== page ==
Better to buy complete struct assembly from monoroe. Its $20 more than this, but should not take more than 15 min for honest mechanic. It some one take more then he is also like my oxygen sensor replacement mechanic.

    Even all the description does not take more than 20 min. If it is 1 or 4 there is not much paper work. It will not take an hour.
  • Back in l982, I took my '78 Dodge Aspen wagon to Midas to have new brake pads installed. they called me to say the brake hoses were rotted and by the time I got out of there, the bill was 325.00...expensive for l982 since that was about my week's salary at the time. needless to say, I have never gone back to Midas since then. I have found places like Meineke much more reasonable and without the Midas mentality of trying to upsell you on stuff you don't need.
  • alchipalchip Posts: 16
    Recently, I bought new struts and shocks for our 2006 Chevy Uplander with 167,500 miles from a local parts dealer. I was shocked at the price difference in buying the parts first, then bringing them to my local mechanic versus just going to the local tire shop. The whole job to replace both front struts and the rear shocks was about $ 850. The local tire shops wanted $ 1,375. The replaced parts were original and held up well, but I'm really looking forward to using my new Monroe SensaTracs. We're trying to make it to 250,000 miles. May need to replace the sway bar next.
  • obyoneobyone Posts: 8,065
    edited June 2012
    No kidding on the wide pricing difference. I went to shockwarehouse.com and found the complete replacement cost for replacing both front and rear to be around $240.00 for monroe sensatrac.

    http://www.shockwarehouse.com/index.cfm?mode=results&selected_model=223652&selec- - ted_year=2006

    If you have the rear air shocks, that would increase your cost by $70 to $310. Where did you buy those replacements anyway?

    And why would you need to replace the rear sway bar? Barring a catastrophic collision, the sway bar should last the life of the vehicle. Now the bushings may be another story.
  • alchipalchip Posts: 16
    The replacements were purchased at Advance Auto Parts, on-line. They had a May special (15% off) with a $ 50 off coupon later if I spend another $ 100. I believe the sway bar to be replaced next is in the front which retails for about $ 50. I've had 2 different shops tell me it's time for the sway bar to be done. I must admit, replacing these items is beyond my facilities. I just don't have the bay and tools so I have to trust that others are telling me the truth. So I go for the multi-opinion approach on whether something needs to be done. Thanks for the idea about the bushings. I'll look for that next.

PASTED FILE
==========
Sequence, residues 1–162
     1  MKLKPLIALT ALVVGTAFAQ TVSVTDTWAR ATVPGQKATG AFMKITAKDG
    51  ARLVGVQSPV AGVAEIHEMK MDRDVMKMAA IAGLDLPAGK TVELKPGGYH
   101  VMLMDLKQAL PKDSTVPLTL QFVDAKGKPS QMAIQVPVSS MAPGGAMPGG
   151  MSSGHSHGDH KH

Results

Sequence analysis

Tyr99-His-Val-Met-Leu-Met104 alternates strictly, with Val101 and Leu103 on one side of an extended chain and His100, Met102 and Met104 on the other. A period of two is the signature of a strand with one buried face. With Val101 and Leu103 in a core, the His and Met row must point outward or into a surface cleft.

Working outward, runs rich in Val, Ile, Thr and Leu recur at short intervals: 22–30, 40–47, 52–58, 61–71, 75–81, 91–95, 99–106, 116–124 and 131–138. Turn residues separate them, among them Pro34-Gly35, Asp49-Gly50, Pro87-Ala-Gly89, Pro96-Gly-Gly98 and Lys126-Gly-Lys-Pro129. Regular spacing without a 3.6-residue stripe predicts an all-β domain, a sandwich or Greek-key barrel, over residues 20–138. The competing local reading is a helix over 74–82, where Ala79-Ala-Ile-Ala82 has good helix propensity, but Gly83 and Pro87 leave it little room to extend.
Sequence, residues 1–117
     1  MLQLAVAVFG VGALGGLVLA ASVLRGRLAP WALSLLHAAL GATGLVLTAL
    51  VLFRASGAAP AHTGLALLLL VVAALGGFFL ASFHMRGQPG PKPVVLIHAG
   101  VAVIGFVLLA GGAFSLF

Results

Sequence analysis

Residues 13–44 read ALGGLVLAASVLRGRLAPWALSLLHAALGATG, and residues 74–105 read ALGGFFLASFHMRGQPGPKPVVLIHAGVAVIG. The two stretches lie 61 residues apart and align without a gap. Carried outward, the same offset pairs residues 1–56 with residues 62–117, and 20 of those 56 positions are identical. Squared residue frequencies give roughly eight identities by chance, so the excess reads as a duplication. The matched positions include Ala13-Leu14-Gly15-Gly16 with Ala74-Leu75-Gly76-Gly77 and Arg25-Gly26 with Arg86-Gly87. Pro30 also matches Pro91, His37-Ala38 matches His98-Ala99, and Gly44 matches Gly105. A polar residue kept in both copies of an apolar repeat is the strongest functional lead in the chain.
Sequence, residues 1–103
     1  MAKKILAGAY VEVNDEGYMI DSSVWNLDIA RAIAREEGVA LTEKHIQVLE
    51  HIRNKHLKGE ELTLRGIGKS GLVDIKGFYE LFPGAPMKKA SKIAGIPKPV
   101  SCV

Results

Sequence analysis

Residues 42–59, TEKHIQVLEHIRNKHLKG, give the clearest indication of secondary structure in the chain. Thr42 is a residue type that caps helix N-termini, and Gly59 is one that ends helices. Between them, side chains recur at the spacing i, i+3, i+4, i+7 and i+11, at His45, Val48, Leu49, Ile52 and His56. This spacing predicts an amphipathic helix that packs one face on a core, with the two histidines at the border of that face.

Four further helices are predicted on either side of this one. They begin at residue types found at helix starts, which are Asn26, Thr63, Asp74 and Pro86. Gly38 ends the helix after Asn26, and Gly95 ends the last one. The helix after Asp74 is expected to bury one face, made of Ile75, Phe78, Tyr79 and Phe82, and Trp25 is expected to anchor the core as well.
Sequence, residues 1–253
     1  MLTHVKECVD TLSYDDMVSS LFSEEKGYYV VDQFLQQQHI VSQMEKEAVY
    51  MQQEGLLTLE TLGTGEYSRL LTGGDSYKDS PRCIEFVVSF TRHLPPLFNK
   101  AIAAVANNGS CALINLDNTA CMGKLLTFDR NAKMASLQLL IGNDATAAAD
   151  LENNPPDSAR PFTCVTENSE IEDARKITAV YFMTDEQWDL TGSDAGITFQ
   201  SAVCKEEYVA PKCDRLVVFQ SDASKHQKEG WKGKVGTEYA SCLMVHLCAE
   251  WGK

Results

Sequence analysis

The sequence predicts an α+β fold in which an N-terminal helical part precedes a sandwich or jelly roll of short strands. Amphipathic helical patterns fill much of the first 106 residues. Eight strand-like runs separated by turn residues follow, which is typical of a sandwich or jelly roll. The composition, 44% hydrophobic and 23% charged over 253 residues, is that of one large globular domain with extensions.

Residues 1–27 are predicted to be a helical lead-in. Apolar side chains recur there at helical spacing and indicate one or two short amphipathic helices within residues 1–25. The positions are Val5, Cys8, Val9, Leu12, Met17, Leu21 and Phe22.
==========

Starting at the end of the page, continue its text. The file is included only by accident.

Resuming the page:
• srs_49srs_49 Posts: 1,394
    I agree with obyone about the sway bar. It's just a thick metal bar that twists slightly when the vehicle leans, and really doesn't have a wear out mechanism, short of a total failure (breakage). The bushings are another matter, and it's fairly common for them to wear (that's what the sway bar twists inside of) and have to be replaced.
  • alchipalchip Posts: 16
    Thanks again for the advice. Again, as I mention, I really have not had the pleasure of lifting our vehicle up on a hoist and checking it out myself. What would be really neat is if Edmunds could have videos by make, model and year of vehicle, along with how to do things like replace bushings. I've checked out some You Tube videos on auto repair but they are almost all not applicable to my vehicle.
  • azfarazfar Posts: 6
    I have 2004 civic with 160 k's on it. my ride is very stiff i can feel every single peeble under my tire im thinking to soften my car up. i have got checked my cars tire and suspension and theres nuthing wrong with them except that they may be worn out. now my concern is shuld i jus replace the struts or shuld i got for whole suspensions? would i be able to get some smoothness just by replacing struts ? :sick: